Is your computer running somewhat slower than it used to? It’s possible that it’s as a result of things you’ve done. In this article, we will be covering some of the things that adversely effects your computer, and mistakes you’d hope never to make.
At some point, depending on the individual, we begin to wonder what is causing our system to run slower. Working on a slow system is not enjoyable, to say the least, and adversely effects our productivity.
While it’s common for a system to run slower over time, in a large amount of cases, it’s things the computer user does, that makes the system slower. Below are a list of common mistakes that computer users make that leads to a slower and less productive machine.
1. Running Too Many Programs at Once
Over any considerable length of time, it’s not unrealistic to imagine you’ve installed many programs on your system. Maybe you use all these tools and programs for different things. However, running a lot of programs at once, can make your system run slower.
The main issue occurs when these installed programs configure themselves to run from system start up. This means the moment you start Windows, the program will load in the background. The end result is less RAM, even if you never actually use the program. To prevent this from happening, you’ll want to read the fine print, when installing a new program. If you see any option that states “automatically run program at start up”, make sure it is de-selected.
To find out what programs are running in the background, you can run Windows Task Manager, by right-clicking on the taskbar and selecting Task Manager. When the program loads up, it will immediately present you with a list of all the programs currently running, including how much CPU and Memory resources they are consuming.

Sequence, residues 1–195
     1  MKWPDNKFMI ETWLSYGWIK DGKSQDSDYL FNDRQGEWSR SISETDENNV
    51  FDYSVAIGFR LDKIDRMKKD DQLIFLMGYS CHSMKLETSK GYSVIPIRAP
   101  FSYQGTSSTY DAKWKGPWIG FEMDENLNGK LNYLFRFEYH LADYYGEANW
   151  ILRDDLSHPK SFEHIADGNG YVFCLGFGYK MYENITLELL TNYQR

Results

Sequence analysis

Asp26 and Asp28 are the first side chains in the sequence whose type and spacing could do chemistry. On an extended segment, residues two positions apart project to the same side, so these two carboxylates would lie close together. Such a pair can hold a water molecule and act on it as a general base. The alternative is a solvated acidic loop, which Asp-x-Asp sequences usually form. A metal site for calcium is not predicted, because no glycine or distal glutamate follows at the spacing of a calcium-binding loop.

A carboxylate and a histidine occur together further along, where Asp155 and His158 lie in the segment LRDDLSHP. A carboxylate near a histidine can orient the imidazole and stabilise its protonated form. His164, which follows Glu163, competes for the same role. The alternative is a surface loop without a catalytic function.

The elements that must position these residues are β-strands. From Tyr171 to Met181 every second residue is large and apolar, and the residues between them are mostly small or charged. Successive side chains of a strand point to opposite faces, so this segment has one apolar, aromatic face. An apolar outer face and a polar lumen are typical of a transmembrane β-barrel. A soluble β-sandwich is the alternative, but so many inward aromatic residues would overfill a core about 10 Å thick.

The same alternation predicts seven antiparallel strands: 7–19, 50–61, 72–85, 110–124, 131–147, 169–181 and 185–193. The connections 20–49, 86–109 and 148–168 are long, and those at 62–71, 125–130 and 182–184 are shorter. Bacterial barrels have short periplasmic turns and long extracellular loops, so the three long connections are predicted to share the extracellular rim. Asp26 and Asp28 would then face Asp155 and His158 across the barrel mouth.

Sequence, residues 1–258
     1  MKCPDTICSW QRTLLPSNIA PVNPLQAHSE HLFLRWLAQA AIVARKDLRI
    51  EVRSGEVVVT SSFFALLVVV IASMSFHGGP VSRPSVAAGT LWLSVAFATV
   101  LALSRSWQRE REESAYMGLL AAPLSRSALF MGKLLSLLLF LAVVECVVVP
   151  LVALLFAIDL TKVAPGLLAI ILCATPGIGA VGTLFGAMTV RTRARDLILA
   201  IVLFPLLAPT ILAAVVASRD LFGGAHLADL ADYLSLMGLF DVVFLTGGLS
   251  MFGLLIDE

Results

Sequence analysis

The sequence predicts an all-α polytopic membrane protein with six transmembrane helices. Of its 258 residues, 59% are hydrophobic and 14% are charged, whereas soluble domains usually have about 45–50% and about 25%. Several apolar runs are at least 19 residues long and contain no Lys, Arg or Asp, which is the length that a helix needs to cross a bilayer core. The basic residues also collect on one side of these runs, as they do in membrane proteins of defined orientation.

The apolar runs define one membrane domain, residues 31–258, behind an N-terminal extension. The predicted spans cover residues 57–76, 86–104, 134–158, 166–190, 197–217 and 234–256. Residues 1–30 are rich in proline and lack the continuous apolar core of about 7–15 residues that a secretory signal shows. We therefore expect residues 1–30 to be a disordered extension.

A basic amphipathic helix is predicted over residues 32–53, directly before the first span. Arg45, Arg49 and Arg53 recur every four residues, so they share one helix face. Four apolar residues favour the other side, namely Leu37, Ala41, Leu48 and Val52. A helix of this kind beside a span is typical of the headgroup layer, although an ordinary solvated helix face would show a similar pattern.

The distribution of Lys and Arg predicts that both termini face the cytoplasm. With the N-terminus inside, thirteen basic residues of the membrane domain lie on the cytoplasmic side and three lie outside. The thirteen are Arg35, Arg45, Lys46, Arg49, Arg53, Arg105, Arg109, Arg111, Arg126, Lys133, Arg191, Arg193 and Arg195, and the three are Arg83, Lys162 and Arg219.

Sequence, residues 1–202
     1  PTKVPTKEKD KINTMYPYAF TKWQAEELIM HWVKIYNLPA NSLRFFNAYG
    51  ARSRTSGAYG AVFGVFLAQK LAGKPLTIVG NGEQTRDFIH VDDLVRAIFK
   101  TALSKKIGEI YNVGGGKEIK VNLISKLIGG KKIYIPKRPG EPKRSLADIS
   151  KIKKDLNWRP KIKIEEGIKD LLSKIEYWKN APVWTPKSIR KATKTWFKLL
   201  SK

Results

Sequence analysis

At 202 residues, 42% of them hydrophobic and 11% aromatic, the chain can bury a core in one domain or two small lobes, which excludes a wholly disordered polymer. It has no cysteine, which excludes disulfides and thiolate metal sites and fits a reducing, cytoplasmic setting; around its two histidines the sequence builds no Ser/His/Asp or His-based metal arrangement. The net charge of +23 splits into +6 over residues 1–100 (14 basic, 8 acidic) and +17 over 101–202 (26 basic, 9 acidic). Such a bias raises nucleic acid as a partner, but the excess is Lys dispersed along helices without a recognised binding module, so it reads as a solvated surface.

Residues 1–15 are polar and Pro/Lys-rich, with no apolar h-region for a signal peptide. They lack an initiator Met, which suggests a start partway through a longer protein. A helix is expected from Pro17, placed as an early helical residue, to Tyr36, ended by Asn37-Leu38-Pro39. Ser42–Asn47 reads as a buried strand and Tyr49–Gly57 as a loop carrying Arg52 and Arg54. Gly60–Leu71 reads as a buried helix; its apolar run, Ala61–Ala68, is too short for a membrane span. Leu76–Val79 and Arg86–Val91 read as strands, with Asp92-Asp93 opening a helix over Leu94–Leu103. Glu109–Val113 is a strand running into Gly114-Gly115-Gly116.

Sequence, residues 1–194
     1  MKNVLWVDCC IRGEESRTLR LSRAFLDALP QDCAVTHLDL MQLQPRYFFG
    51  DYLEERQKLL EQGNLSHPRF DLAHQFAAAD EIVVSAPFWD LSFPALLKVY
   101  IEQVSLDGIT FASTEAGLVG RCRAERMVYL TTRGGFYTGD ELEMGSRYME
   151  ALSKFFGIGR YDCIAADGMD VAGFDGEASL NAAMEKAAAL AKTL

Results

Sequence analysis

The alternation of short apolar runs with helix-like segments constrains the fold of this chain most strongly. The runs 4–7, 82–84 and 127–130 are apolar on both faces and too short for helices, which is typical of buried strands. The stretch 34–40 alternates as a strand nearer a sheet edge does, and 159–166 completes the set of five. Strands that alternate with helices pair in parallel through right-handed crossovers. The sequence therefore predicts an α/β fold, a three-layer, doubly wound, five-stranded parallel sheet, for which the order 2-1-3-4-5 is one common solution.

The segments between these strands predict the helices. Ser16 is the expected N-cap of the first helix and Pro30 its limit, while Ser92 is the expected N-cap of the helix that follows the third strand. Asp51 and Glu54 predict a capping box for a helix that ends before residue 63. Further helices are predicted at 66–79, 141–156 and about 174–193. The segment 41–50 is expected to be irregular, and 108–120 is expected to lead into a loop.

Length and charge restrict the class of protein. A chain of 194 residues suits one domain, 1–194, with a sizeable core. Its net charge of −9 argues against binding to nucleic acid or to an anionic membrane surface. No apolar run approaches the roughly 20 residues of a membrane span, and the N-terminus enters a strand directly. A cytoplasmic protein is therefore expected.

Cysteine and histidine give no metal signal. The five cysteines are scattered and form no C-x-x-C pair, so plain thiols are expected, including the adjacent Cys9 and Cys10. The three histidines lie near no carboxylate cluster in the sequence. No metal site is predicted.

2. Visiting Bad Online Neighbourhoods
Another mistake many end users make is to visit websites in bad neighbourhoods. This is something that may or may not be familiar to you. But there are actually websites that, once you visit them, will upload malicious programs to your system. The best thing for you to do, while online, is to stay away from websites you’re unfamiliar with. Or, at the very least, only visit trusted websites. Alternatively, if you must venture out into unknown territory, then you can always use the major search engines, which do a good job in vetting websites before listing them in their engines. You can also find reviews on websites from these search engines. So you can find out what other people have to say about the site, before you take the chance with it.
In most cases, people are very vocal about any negative experiences they’ve had with a website. So it shouldn’t be too difficult to find anything, in the event there’s actually something for you to find.
3. Not Backing Up Files
One mistake, that although seems obvious, is one many individuals and companies make. Is the failure to back up their personal and/or confidential files! Physical computer damage, data theft, virus infections, system crashes, hard drive failures, are all things that can occur at any time, and do often occur when you least expect it.